A blog about patent, copyright and trademark law in the U.S. District Court
for the Southern District of New York

Court Denies Summary Judgment of Invalidity Based on Indefiniteness after Having Denied Summary Judgment on Non-Infringement

In an April 7, 2014 ruling, Judge Jed S. Rakoff denied the defendants’ motion to invalidate two claims in the patent-in-suit in the plaintiffs’ infringement action. Judge Rakoff had earlier denied the defendants’ motion for summary judgment of non-infringement. The defendants argued in the current motion that because the Court had construed the pertinent claim terms but had been unable to reach a conclusion as to non-infringement, the claims are indefinite as lacking a “‘discernible boundary.’” Judge Rakoff rejected this argument, writing:
it would be unusual if a claim that can be construed definitely could suddenly become indefinite because an accused product came close to infringing but left the possibility of its noninfringement. A party should not be able to invalidate another’s patent solely by coming close enough to infringing that a Court cannot determine infringement, a question of fact, as a matter of law on a motion for summary judgment.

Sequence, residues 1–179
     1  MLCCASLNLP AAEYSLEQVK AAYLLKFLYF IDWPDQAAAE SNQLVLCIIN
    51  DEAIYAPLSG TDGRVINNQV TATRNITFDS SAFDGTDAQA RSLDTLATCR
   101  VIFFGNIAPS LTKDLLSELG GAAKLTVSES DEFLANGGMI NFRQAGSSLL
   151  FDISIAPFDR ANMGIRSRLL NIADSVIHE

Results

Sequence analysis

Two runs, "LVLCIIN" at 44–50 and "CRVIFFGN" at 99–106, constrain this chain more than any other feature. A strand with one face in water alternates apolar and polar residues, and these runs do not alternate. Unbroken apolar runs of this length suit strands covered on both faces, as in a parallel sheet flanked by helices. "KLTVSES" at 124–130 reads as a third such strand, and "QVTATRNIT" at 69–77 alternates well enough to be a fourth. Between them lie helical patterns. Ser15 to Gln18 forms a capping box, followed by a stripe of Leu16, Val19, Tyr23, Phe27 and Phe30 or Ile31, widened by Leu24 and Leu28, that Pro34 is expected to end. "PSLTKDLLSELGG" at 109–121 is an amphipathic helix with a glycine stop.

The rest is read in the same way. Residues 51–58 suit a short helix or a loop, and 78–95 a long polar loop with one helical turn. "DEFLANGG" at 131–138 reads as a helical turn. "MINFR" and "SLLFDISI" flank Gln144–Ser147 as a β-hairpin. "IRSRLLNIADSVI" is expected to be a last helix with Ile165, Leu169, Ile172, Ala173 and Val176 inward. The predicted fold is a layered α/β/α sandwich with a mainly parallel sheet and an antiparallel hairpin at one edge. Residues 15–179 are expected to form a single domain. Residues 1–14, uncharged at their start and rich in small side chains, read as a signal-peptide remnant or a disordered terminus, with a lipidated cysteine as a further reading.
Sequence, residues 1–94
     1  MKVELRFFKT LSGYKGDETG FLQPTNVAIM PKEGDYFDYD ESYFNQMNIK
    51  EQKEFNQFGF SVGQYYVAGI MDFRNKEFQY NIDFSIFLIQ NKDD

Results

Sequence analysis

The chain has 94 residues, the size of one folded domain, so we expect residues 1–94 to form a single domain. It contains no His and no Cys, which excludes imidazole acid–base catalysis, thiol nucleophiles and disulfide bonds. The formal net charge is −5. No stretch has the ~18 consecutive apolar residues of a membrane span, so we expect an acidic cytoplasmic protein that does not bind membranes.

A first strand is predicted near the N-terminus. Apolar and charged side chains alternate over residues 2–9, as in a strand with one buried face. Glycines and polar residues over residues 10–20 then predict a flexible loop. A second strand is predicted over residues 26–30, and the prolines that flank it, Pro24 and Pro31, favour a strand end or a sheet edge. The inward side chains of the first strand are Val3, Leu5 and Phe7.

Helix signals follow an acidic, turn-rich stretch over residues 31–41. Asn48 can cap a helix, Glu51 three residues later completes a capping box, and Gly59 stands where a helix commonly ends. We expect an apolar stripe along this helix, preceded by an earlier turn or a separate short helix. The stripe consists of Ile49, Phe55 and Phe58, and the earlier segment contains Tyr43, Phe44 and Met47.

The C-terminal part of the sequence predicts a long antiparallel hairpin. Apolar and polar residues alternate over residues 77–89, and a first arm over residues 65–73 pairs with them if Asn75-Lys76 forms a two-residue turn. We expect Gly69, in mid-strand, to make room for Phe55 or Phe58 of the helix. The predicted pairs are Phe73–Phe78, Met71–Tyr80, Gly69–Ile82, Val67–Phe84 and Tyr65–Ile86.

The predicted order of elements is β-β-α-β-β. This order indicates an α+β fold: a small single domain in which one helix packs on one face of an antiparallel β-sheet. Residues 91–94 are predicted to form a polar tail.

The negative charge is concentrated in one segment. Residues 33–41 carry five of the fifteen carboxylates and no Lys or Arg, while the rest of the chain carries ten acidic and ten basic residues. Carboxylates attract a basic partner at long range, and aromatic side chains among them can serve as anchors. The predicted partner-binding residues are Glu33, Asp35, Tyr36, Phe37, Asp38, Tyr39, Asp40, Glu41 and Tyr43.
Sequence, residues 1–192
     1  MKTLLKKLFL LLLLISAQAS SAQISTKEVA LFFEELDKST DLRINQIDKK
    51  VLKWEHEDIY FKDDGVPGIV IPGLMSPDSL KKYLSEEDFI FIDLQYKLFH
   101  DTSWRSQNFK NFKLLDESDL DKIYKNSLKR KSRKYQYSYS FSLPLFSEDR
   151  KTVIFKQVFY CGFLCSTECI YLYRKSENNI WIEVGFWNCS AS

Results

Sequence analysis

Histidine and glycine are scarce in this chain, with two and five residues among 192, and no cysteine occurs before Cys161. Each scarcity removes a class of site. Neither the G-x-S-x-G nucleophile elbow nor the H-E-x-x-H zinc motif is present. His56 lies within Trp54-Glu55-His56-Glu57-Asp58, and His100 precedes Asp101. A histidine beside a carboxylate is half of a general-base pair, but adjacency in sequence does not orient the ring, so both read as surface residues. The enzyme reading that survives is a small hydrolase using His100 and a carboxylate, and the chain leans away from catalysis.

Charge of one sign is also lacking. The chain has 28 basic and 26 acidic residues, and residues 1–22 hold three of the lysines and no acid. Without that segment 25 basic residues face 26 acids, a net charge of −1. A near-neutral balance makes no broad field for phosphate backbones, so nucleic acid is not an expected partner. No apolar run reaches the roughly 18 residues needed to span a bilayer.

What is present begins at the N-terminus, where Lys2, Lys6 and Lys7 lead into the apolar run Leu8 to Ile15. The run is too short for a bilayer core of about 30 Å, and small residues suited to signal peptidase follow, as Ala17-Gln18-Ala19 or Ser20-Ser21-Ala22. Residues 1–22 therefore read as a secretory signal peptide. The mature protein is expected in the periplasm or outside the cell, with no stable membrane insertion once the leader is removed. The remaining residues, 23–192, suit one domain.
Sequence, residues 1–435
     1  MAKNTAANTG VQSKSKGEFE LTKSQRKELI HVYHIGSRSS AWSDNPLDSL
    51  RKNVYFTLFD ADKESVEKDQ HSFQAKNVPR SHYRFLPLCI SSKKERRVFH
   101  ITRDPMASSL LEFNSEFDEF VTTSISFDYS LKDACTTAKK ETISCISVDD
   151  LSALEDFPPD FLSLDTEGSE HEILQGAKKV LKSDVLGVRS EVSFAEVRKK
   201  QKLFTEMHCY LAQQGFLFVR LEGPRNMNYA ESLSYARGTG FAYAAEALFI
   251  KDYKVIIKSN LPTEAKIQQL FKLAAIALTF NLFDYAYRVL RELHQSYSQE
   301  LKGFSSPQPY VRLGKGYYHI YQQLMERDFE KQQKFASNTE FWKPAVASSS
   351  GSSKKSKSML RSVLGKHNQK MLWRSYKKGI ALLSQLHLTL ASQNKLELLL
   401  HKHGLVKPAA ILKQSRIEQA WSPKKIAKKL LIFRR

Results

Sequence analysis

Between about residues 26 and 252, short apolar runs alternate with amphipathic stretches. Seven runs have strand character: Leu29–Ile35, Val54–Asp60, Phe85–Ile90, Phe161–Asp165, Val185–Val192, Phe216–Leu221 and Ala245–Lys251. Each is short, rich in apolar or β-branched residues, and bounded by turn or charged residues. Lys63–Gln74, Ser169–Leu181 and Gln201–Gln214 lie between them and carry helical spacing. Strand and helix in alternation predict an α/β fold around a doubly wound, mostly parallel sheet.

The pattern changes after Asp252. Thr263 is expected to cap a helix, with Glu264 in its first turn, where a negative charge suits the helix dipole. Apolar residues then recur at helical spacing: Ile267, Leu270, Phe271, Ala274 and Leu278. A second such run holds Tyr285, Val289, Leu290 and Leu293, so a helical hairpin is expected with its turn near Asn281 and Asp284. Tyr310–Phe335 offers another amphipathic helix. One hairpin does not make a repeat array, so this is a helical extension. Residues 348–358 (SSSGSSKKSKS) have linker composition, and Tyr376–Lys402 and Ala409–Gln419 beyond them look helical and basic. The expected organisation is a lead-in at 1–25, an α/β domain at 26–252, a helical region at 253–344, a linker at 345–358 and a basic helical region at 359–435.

The general information and thoughts posted to this blog are provided only as an informational service to the web community and do not constitute solicitation or provision of legal advice. Nothing on this blog is intended to create an attorney-client relationship and nothing posted constitutes legal advice. You should understand that the posts by the author, who is an attorney at U.S. law firm Allegaert, Berger & Vogel, may or may not reflect the views of that firm and that the author of this blog is only authorized to practice law in the jurisdictions in which he is properly licensed to do so. For additional information, click here.